Gender in the Workplace

Management and Leadership Differences

file://C:\My Documents\All Current\Teaching\113\Backups\2005\Documents and Settings\WinUser\Application Data\Microsoft\Word\Documents and Settings\WinUser\Application Data\Microsoft\Word\Application Data\Microsoft\Application Data\Microsoft\Word\WinUser\My Documents\Backups\2005\FullTexts\Maher2004.htmAlthough women are increasingly taking a role in the global economy, women are still underrepresented in the highest echelons of corporate management.  While “a growing mound of research shows that female execs trounce men in nearly every area of performance” their patterns of interpersonal communication still mark them as lacking in “executive presence” (Conlin, 2002). Women’s developmental relationships are created and sustained largely through talk, but the traditional notions of “managerial” communication as being goal-directed  and instrumental tends not to value the ways in which women in particular use interpersonal communication to “shape managerial practice and identity” (Carter, 2002 85).

In short, things that work well for men don’t work as well for women, and vice versa.  Research shows that men gain promotions and other organizational benefits with “ingratiating behaviors” such as flattery, signals of conformity to another’s opinions, and doing favors for the other person.  Meanwhile, women and ethnic minorities do not gain much from the same behaviors. In fact, women and ethnic minorities who exhibited monitoring and control signals were punished with less advancement, while Caucasian men earned favor with that style of communication {Westphal, 2007 #6027}  

Gendered Communication Styles

The classic studies in differences between male and female patterns of interpersonal communication (Tannen, 1995a, 1995b) suggest that both men and women can benefit from a greater understanding of their respective styles.

Some strategies for women dealing with men in business:

Speak up; don’t allow yourself to be interrupted because you are waiting for others to give up space in the conversation.

Avoid tag endings and vocal inflections, which convey uncertainty or indecisiveness.

Don’t take male comments like “” as relationship information.

Be aware of relationship, personal, and narrative forms of knowledge; use them judiciously with a male audience.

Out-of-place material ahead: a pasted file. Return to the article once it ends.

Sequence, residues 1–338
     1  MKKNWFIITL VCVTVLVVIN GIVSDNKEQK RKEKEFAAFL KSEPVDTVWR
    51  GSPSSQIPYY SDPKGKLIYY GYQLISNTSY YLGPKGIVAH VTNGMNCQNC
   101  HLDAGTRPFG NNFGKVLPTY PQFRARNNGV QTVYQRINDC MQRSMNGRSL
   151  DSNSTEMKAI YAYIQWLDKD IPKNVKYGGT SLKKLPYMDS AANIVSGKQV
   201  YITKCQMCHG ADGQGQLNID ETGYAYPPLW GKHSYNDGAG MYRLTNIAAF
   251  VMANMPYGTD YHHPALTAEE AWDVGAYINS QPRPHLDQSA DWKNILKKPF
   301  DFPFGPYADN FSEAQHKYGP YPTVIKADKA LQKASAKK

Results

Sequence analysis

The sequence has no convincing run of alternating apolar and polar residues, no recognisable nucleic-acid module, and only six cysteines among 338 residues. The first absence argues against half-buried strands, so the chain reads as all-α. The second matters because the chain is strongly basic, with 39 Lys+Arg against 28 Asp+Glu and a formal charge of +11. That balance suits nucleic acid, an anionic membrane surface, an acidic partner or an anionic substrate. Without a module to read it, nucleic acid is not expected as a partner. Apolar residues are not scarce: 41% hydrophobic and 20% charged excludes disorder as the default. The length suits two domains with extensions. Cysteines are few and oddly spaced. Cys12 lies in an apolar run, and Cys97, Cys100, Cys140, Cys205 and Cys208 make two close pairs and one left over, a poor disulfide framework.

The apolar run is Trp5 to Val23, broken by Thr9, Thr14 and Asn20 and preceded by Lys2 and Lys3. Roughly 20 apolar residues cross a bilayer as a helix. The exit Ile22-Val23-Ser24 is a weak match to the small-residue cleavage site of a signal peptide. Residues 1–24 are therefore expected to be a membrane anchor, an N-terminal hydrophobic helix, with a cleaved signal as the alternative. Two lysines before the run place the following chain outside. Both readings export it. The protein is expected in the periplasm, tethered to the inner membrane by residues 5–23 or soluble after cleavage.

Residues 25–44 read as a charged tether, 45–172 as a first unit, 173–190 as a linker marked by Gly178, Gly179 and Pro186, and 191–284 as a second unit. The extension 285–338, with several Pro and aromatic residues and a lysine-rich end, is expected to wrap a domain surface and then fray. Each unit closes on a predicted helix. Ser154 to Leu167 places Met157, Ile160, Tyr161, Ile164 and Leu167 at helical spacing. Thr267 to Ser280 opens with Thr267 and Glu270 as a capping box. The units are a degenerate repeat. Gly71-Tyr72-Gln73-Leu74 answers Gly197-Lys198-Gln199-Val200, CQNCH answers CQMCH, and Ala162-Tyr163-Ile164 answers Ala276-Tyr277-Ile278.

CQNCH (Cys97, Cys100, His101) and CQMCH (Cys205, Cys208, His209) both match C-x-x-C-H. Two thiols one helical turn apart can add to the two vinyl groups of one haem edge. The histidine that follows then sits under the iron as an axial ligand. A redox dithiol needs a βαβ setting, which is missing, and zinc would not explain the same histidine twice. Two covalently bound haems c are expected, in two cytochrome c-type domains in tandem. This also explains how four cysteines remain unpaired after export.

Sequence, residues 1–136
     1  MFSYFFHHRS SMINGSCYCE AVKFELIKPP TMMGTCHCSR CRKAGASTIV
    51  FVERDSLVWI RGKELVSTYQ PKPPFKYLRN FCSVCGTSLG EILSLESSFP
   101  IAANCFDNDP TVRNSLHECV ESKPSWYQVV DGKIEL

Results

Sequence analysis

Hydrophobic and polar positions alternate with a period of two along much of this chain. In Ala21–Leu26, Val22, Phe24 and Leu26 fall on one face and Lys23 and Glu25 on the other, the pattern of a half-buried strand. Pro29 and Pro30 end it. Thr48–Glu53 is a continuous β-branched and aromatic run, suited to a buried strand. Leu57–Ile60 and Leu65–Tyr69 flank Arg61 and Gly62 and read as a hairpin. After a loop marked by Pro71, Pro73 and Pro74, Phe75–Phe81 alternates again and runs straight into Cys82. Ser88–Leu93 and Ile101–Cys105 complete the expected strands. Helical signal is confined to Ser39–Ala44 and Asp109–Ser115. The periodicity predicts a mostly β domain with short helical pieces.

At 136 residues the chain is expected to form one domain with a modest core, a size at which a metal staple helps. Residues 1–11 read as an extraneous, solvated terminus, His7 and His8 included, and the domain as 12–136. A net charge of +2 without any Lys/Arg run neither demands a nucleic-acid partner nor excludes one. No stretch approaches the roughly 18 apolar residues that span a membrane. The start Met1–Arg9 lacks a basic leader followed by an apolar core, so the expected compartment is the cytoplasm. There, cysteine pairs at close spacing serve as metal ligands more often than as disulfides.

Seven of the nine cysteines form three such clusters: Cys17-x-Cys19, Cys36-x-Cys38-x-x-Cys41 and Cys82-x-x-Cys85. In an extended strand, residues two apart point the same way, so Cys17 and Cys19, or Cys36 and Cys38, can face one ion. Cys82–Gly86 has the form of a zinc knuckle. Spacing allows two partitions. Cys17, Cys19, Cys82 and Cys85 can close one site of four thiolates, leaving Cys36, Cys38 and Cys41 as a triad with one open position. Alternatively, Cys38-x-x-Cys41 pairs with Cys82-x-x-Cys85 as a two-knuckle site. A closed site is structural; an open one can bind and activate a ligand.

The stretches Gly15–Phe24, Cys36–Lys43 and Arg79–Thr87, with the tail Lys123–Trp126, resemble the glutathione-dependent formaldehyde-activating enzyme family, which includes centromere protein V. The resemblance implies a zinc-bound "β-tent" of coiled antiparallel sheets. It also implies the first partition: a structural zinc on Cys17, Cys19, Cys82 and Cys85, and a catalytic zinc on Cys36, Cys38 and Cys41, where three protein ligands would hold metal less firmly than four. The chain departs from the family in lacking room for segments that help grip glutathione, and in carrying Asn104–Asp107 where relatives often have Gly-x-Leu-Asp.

Some strategies for men dealing with women in business:

Remember to use polite relationships markers such as “ma’am” whenever terms like “sir” or “boss” are commonly used with men,

Don’t monopolize conversations, interrupt, or speak “for” a woman who is standing right there.

Don’t call women by patronizing relationship names such as “missy”, “lady” or “mom”.

Avoid direct, “barking” vocal tones.

Give non-verbal “I’m listening” signals such as head nods, eye contact and the occasional “mm-hmm”.

Romance in the Workplace

A particularly difficult aspect of gender in the workplace involves romance.  Virtually no one who has been involved in an office relationship will recommend that others do the same, but sexual attraction is an inevitable element of interpersonal communication in the workplace.  Policies regulating coworker dating are increasingly common (Two wasted days at work, 2005) on the grounds that personal relationships detract from organizational productivity.  Even when things go well, the emotional energy it takes to carry on a romantic relationship is energy unavailable for work-related tasks, relationships, and problem solving.

Whether relationships are specifically prohibited or not, most workers recommend taking action to avoid them:

§  Power is an aphrodisiac and so is trauma.  When the related neurochemicals kick in, there is an attraction to the most available male or female who happens to be around (Freeman, 1995). A smart worker will remove him or herself from problem situations before falling in love with whoever happens to be around. 

§  Those with a healthy social life outside the office are less susceptible to the emotional pressures of office life and more likely to develop supporting romantic relationships elsewhere.

§  Taking care to communicate properly and with proper etiquette will mask the signs of human passion and help avoid their consequences.  Always dress appropriately and use proper titles with those who appear to be particularly attractive.  Keep office doors open and people informed of your whereabouts, and stick to business in the conversation.